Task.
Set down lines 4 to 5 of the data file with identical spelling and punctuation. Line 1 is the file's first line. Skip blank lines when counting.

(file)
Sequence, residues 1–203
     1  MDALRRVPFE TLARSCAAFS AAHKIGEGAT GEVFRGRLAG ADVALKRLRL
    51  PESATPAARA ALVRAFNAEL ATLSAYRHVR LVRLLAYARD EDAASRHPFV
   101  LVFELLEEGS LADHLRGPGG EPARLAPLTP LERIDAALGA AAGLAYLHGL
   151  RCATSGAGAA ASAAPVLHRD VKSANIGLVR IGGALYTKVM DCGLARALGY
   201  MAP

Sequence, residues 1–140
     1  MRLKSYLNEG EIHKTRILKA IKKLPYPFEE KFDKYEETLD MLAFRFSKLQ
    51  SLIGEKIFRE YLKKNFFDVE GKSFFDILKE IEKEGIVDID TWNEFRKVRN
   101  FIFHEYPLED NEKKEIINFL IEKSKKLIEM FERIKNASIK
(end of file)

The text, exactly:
   101  LVFELLEEGS LADHLRGPGG EPARLAPLTP LERIDAALGA AAGLAYLHGL
   151  RCATSGAGAA ASAAPVLHRD VKSANIGLVR IGGALYTKVM DCGLARALGY